This was the first time I had been to the funeral of a terrorist victim, catching up to the fact that my oldest children had already done so in cases that were horrific and tragic. This included the burial of three boys kidnapped and murdered in June 2014, just hundred yards from where Rabbi Don was murdered the night before. One daughter had the distinction of going to the funeral of the sister, and brother in law of a good friend in high school, including the murder of their children, the youngest just 8 months.

Paying their respects, among those who attended and eulogized Rabbi Don, was the Speaker of the Knesset (our parliament) and the Chief Rabbi of Efrat where I live. Most gripping however were the eulogies spoken through sometimes uncontrollable weeping by Rabbi Don’s wife and children.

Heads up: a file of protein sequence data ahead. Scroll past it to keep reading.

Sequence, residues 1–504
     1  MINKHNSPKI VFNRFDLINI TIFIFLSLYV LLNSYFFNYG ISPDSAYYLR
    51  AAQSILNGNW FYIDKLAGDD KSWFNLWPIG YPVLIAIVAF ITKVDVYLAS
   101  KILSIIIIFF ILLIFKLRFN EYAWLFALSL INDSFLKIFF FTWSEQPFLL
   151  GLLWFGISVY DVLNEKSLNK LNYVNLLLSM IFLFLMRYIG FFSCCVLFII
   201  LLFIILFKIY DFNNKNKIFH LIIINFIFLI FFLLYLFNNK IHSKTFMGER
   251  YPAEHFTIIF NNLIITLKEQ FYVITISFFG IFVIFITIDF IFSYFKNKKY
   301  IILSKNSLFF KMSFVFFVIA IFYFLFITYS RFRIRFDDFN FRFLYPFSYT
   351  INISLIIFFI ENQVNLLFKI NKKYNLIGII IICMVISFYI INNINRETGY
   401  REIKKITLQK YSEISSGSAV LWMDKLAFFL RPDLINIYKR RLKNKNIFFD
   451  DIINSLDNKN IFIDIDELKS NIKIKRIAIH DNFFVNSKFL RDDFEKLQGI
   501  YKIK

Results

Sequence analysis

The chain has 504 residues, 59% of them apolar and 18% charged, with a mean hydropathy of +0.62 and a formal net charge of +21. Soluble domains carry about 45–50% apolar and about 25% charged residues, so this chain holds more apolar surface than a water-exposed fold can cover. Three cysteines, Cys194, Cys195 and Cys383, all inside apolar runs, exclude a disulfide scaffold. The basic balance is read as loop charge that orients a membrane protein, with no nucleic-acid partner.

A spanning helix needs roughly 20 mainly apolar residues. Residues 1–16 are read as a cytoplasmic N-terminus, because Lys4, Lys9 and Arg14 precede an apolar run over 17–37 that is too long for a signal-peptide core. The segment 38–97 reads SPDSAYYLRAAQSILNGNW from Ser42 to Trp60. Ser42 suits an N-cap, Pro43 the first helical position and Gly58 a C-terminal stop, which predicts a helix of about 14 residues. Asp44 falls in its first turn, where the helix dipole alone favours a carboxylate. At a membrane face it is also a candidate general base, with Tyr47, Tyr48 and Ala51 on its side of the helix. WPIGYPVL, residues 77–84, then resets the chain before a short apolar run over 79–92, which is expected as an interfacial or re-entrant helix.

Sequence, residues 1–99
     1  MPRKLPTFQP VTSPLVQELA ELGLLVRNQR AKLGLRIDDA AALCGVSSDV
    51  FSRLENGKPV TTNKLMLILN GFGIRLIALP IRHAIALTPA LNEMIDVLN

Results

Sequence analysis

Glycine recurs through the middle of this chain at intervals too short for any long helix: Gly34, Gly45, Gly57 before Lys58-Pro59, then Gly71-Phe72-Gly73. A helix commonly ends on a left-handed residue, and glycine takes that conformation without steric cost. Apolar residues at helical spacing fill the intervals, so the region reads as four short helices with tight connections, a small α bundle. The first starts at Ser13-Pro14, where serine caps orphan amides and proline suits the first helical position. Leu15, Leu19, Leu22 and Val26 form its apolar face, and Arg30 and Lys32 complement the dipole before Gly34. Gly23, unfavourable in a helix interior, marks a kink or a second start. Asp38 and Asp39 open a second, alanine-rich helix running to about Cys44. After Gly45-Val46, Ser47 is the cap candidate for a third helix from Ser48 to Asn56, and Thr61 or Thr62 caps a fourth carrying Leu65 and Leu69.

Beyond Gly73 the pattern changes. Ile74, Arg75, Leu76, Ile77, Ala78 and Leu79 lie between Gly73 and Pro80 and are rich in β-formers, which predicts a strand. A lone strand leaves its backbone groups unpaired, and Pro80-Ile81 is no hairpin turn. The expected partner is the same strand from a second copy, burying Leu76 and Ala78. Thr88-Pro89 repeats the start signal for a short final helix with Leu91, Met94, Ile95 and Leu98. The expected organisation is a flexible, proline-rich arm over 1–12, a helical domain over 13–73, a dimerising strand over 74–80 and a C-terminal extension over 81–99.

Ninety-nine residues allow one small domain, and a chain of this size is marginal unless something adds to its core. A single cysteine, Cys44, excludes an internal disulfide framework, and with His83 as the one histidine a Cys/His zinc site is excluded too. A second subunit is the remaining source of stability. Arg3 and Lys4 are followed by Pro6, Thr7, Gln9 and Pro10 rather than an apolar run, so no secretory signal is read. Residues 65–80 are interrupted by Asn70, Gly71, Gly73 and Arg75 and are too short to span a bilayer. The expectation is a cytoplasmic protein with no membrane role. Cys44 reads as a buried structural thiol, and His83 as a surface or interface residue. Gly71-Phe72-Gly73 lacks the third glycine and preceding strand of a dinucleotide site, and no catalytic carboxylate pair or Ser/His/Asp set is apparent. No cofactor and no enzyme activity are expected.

Weeping through her words, Yakov’s widow, Sara, a teacher in my daughter’s school, praised him and remembered him fondly, “Yakov, my beloved, my sweetheart, I still can’t believe that what was will never be again. You always wanted me to speak at family events, the wedding, bar mitzvahs, and now it’s finally happening. You said you were lucky that I was your wife, but I was the lucky one to have a husband who was loving, attentive, tender and warm. You were happy when we were happy. But for yourself, you didn’t want anything. Everything you did was for your children and you always told me how proud you were of them and how much you loved them.”

Three of Yakov’s sons spoke about his kindness, how he was their role model and teacher, how he never hated anyone and how Yakov was a happy and optimistic person. One son cried, “Teach me to be optimistic in this moment.” Noting that it was the eve of the Sabbath when it’s customary for a parent to bless his children, another son said, “This will be the first (Shabbat) that I won’t receive a blessing or feel my father’s embrace.”